Facelift on the way for dangerous intersection near St. Martin High

Facelift on the way for dangerous intersection near St. Martin High

JACKSON COUNTY, MS (WLOX) - Jackson County is moving forward with plans to improve safety at a very busy and dangerous intersection near St. Martin High School. Faculty and staff feel the improvements are long overdue.

Several people who live and work near the Old Fort Bayou Road and Yellow Jacket Road intersection describe it as risky and dangerous.

"Right here is a curve, and there is a blind side. If a car is coming up and a little bit over the line, there are a lot of collisions that can happen here," resident and St. Martin High teacher Angela Heise said.

Heise and Principal Dina Holland work minutes away from the crossroads at St. Martin High School.

"A lot of students and a lot of teachers go this way, and do I fear for them? Absolutely. We have had many accidents on this intersection as well as down Old Fort Bayou Road. That concerns me, because there is no turning lane," Holland said.

"As you can see, this car, she has to wait for the traffic here, and there is only one stop sign," Heise said.

Jackson County Supervisor Troy Ross understands their concerns. He admits the county hit several bumps in the road when it came to getting a plan in place to improve the intersection.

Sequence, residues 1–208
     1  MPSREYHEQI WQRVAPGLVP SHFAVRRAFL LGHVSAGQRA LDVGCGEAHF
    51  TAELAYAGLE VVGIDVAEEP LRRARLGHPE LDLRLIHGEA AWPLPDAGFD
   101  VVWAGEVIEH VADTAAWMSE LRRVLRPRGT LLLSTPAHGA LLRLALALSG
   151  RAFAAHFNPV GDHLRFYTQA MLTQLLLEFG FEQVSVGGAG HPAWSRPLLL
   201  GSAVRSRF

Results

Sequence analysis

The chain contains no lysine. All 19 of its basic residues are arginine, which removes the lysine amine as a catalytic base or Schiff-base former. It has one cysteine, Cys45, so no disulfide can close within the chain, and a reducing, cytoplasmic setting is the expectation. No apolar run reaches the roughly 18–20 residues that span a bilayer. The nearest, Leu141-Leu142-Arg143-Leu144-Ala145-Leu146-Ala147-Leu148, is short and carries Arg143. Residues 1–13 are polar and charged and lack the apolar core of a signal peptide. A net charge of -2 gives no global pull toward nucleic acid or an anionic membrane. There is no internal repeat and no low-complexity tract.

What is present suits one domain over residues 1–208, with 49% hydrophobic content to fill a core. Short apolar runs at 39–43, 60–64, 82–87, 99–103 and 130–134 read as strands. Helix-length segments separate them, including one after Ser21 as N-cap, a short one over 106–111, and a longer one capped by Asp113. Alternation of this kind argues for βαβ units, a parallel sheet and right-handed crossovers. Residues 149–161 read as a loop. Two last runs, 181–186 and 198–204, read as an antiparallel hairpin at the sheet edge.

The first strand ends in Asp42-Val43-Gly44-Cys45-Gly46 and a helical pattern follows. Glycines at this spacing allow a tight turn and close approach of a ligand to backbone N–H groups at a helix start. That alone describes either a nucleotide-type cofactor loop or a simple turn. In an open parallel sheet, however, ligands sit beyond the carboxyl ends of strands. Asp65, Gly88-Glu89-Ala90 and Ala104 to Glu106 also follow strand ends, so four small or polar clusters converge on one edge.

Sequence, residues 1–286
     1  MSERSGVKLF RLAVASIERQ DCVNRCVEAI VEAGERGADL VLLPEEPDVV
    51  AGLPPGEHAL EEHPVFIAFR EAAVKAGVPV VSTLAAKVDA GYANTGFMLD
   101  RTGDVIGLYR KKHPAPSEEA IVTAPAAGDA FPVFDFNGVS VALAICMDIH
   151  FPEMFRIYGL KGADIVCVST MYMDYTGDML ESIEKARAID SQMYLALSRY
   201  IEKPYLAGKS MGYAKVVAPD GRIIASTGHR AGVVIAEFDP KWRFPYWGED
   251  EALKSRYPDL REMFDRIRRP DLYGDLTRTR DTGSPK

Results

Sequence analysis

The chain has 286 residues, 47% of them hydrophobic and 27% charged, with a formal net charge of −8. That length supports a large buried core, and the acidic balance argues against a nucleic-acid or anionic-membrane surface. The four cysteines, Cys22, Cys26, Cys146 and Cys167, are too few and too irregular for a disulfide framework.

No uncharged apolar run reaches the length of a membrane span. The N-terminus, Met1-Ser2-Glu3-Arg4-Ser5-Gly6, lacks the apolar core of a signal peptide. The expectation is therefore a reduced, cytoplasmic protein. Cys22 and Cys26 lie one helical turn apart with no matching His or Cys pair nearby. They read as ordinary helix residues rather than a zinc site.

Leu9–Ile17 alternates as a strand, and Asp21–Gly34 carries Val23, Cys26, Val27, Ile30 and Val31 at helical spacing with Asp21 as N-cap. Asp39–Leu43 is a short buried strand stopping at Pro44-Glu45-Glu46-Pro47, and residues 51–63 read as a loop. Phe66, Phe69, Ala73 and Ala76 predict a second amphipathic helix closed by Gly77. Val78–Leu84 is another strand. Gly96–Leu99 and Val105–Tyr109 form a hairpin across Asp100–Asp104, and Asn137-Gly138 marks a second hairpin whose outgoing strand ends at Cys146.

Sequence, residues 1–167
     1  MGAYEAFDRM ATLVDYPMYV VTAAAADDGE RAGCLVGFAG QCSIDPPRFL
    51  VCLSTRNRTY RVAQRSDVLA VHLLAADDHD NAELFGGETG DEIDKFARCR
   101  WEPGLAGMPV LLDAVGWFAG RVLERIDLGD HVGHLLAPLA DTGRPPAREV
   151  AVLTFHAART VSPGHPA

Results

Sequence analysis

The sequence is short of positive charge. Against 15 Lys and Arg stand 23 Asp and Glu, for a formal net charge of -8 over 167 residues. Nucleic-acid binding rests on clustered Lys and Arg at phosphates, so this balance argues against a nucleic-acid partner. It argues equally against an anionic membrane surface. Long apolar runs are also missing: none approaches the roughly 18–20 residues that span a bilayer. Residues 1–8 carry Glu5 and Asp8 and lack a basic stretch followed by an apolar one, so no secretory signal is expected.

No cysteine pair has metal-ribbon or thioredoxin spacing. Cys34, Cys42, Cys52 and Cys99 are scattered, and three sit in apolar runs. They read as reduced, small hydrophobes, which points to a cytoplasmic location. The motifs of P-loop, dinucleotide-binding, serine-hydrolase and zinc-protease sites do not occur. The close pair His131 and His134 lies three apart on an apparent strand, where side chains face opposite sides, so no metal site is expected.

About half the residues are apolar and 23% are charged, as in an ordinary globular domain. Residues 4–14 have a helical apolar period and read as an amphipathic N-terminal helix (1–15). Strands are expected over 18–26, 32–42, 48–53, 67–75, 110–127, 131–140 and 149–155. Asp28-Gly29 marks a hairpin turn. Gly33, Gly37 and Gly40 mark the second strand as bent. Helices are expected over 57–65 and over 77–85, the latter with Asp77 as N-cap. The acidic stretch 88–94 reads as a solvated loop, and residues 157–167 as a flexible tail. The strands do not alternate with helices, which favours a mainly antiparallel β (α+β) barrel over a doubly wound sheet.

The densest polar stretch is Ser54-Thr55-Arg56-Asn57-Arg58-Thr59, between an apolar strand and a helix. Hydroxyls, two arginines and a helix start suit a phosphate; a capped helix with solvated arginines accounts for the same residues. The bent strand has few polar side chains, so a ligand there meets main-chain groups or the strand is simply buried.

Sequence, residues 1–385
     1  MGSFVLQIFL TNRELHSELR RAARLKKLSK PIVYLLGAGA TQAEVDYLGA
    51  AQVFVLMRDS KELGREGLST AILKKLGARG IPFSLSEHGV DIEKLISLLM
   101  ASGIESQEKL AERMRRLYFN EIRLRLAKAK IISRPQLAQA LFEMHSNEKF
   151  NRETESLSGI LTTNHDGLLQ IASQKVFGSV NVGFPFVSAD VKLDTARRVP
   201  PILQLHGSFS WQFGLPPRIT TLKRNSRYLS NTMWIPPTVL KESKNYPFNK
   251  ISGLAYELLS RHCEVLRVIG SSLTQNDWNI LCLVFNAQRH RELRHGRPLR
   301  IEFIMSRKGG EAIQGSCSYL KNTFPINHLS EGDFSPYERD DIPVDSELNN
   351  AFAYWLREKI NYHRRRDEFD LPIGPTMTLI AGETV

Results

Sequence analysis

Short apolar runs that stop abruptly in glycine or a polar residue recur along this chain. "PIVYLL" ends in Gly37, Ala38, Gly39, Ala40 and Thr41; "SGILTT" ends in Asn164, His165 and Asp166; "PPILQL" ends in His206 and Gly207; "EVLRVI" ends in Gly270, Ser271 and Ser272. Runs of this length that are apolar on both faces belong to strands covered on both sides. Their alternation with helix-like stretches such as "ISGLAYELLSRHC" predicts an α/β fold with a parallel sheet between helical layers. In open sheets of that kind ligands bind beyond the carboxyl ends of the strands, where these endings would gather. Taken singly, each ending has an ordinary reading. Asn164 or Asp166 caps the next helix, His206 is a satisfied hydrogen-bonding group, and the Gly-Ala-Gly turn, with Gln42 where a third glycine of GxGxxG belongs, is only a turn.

"The holdup has been at the beginning was a funding issue, and then it became an issue of waiting for the plans to be developed. Then, it became an issue of waiting for utilities to be moved, and that is where we are right now. We are ready to go into the construction phase," Ross said.

Ross said the area will go through a safety makeover, including removing this blind curve and creating turning options.

"Where the stakes are, we are going to have additional turning bays to help with traffic flow, and you are going to have a traffic light that will go over this intersection. The road over here will basically go away, and you will have a traditional 90 degree four way intersection," said Ross

Holland and Heise said they welcome any changes that will keep their coworkers, neighbors and especially children safe.

"I would like the board of supervisors to know how grateful we are for the progress they have shown us far, but please, don't let this be the end," said Holland. "Let's continue to find the tax dollars, so our children can have a safe journey to school as well."

Ross said construction on the intersection is set to begin this summer. The project will cost $2.4 million, and it's being paid for with a combination of federal, state and local funds.

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